Despite the lack of guidance available for practitioners, extensive polypharmacy has become the primary method of treating patients with severe and chronic mood, anxiety, psychotic or behavioral disorders. This ground-breaking new book provides an overview of psychopharmacology knowledge and decision-making strategies, integrating findings from evidence-based trials with real-world clinical presentations. It adopts the approach and mind-set of a clinical investigator and reveals how prescribers can practice 'bespoke psychopharmacology', tailoring care to the individualized needs of patients.
Core Concepts of Good Psychopharmacology
It is a capital mistake to theorize before you have all the evidence. It biases the judgment.
▢ Recognize cause-and-effect relationships in psychopharmacology
▢ Adopt an investigative “forensic” mindset to assess psychopathology and match symptom constellations to the best-fitting treatment
▢ Recognize levels of empirical evidence that support any given pharmacotherapy intervention before making conclusions about generalizability or likelihood of a meaningful effect
▢ Know appropriate benchmarks and timepoints for judging if and when to alter medication dosages or otherwise adjust a treatment regimen
▢ Focus on putative drug mechanisms, underlying dysfunction of neural networks, and findings from empirical trials, rather than simply on whether or not a drug carries “on”- or “off”-label regulatory agency approval
▢ Always strive to define as clearly as possible the intended symptom targets of any treatment
When someone takes a medication for depression, anxiety, or any other psychiatric problem, how do they or the prescriber know for certain if they are actually better or worse? And in either instance, whether to credit (or blame) the drug? If depression gets better 4–6 weeks after taking an antidepressant, how confidently should we attribute improvement to the drug rather than to serendipity? What if the patient gets better only after 14–16 weeks – is that too far in time to distinguish a plausible drug effect from spontaneous remission? Or, when can we assume the outcome was still a likely drug effect, given that an adequate trial may take longer in some people than others? If they felt better in just a few days, is that evidence of a placebo effect? Or, if they became suicidal or agitated, how do we know if that reflects an adverse drug effect or simply a worsening due to the natural course of illness?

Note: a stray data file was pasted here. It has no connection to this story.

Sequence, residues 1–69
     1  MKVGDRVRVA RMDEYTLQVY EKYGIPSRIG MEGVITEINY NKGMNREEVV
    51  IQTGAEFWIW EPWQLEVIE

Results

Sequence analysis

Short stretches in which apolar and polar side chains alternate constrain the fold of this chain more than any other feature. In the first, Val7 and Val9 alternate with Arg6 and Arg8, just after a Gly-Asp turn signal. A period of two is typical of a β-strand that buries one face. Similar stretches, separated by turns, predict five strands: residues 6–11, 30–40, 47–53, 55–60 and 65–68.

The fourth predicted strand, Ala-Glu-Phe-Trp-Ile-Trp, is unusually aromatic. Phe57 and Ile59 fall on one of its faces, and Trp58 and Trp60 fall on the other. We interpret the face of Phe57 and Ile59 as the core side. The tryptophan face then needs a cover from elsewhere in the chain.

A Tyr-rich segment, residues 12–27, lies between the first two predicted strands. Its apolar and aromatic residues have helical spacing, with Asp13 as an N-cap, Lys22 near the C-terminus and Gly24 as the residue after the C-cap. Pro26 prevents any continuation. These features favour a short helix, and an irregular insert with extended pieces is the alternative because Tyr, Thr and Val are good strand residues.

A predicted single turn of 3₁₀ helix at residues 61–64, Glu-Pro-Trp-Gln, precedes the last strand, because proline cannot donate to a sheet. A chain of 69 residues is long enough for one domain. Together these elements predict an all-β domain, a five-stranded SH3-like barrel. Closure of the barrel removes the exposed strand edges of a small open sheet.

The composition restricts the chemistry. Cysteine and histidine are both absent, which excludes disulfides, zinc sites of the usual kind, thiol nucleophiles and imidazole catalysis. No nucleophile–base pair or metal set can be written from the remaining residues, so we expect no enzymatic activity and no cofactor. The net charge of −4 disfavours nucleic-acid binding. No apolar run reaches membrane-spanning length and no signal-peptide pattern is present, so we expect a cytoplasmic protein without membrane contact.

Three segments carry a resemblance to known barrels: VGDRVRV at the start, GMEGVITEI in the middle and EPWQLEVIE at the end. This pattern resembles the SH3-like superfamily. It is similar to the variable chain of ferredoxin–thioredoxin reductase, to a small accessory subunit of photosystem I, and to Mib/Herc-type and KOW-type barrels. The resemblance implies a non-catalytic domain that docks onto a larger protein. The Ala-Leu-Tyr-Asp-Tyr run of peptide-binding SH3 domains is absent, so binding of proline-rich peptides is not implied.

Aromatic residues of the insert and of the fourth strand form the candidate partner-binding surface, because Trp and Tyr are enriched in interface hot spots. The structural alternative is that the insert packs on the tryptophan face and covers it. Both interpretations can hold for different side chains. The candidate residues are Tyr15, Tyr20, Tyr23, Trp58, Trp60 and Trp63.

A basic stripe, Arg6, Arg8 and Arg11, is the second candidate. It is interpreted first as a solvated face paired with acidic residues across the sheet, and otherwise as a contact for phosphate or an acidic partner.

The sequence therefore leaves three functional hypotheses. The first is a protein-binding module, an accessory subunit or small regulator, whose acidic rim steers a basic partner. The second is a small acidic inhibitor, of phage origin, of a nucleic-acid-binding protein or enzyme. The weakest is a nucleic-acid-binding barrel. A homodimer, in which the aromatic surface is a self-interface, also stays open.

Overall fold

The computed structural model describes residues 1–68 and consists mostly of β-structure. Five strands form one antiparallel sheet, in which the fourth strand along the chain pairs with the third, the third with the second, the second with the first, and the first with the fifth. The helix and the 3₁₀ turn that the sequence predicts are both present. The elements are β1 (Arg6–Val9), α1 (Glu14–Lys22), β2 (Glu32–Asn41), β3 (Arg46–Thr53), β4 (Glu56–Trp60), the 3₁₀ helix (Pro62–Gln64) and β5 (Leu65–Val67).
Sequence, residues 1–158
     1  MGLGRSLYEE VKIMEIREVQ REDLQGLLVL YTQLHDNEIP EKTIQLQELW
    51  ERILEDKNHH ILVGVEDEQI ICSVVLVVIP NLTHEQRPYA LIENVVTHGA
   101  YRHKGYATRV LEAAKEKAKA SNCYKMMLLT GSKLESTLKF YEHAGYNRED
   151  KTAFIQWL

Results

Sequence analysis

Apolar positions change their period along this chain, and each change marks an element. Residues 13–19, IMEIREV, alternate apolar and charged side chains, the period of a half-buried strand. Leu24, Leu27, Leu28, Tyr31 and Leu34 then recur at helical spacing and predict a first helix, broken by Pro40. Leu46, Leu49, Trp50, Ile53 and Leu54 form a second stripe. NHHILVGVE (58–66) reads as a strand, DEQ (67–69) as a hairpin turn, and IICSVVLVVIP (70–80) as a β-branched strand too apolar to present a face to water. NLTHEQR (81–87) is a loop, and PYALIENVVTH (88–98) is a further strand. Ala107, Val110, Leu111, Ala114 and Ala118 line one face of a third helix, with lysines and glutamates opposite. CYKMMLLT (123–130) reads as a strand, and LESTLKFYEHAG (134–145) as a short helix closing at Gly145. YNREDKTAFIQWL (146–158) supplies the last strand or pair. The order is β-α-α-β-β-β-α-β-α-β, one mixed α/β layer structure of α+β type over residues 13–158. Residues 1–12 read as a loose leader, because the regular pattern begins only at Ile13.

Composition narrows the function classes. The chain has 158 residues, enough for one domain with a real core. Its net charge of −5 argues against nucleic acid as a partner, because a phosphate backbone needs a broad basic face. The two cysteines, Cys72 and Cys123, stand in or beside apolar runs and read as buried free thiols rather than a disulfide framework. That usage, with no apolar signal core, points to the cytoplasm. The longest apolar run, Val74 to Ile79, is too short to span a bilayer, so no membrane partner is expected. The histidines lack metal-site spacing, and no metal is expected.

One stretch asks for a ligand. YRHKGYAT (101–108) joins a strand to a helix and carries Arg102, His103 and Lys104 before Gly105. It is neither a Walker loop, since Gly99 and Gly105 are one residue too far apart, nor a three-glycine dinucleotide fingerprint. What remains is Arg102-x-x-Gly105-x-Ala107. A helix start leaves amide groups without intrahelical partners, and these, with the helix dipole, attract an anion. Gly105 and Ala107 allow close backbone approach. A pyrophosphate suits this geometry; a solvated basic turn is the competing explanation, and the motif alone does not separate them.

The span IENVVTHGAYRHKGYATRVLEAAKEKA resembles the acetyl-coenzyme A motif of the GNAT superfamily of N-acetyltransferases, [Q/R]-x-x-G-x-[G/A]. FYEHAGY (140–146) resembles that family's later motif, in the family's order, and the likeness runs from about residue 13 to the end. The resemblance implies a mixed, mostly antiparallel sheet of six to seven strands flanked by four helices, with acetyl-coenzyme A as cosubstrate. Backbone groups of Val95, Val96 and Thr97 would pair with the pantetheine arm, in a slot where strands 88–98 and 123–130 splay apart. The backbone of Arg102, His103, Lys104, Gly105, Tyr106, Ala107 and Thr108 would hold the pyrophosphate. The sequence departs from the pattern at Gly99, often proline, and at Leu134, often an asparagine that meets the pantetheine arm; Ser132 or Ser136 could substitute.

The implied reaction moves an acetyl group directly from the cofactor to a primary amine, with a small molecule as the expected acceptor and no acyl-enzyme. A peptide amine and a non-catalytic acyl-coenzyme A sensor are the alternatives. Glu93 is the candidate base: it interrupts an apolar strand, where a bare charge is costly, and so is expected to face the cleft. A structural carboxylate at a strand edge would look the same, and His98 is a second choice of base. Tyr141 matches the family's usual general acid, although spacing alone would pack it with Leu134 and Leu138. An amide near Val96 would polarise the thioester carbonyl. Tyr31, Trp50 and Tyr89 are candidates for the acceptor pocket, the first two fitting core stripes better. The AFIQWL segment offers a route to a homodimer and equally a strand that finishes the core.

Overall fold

Cause-and-effect relationships are often presumed throughout medicine, even though drugs can have unpredictable effects and despite the fact that numerous biological, psychological, and environmental factors contribute to outcomes. Causality is all the more difficult to infer when a patient receives more than one treatment (as occurs not infrequently in real-world practice), or other psychoactive factors complicate the picture (such as alcohol or drug abuse, or sleep deprivation, or life catastrophes). How do we account for subjective versus objective signs of improvement, while considering the effects of time alone, placebo and nocebo effects, the therapeutic alliance, variable pharmacodynamic drug effects, pharmacokinetic interactions, comorbidities, dosing effects, and – not of least importance – whether the prescribed treatment is even appropriate to the presenting ailment?
Psychiatric drug effects are remarkably varied and unreliable. Contrast the poorly predictable outcome of giving someone a selective serotonin reuptake inhibitor (SSRI) for depression versus the relative certainty of administering general anesthesia for surgery. No anesthesiologist ever tells their patient they have about a 6 in 10 chance that the medication they are about to receive will make them go to sleep. Admittedly, the sleep-inducing effects of halothane produce a safer and more reliable result than having the patient inhale an ether-soaked rag (and halothane is no picnic if the patient has an unrecognized susceptibility to malignant hyperthermia). But can psychotropic drugs ever deliver the same kind of causal precision and reliability for producing an intended effect as occurs with anesthesia induction?
Causal inferences are vulnerable to the so-called post hoc ergo propter hoc or logical fallacy phenomenon, in which one concludes that whatever happens after a temporal sequence of events (e.g., taking a medication and then feeling better or worse) necessarily reflects cause and effect. The hazards of spurious associations and outright superstitions abound in psychopharmacology, where both doctor and patient perceptions about cognitive and emotional processing are colored by pre-existing beliefs and expectations. More scientifically, causal relationships in medicine are sometimes judged according to criteria such as those described by Hill (1965), as summarized in Box 1.1.
Just because an effect temporally follows an intervention does not necessarily demonstrate a cause-and-effect relationship.
|Strength of apparent association||Bigger associations = bigger effects|
|Consistency (reproducibility)||Consistent findings across settings = more likely a true association|
|Specificity||Specific population with specific disease, unlikely other explanations|
|Temporality||Exposure precedes outcome|
|Dose effect||Greater exposure imparts greater risk (but, there could also be a necessary threshold level of exposure)|
|Plausibility||Is there a plausible pharmacological mechanism?|